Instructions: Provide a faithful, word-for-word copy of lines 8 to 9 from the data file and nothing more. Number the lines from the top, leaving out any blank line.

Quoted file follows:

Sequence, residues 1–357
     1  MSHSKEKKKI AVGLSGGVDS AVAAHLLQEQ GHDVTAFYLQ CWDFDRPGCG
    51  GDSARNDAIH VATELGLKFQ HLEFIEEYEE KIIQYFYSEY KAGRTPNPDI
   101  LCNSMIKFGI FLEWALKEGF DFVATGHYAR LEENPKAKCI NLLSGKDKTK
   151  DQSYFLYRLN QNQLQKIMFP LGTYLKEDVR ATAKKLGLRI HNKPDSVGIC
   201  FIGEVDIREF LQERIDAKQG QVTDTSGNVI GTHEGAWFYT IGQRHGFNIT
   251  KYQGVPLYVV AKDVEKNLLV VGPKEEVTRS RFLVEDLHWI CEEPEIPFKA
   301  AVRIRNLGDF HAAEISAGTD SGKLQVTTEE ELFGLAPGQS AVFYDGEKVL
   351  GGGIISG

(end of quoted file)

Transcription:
   301  AVRIRNLGDF HAAEISAGTD SGKLQVTTEE ELFGLAPGQS AVFYDGEKVL
   351  GGGIISG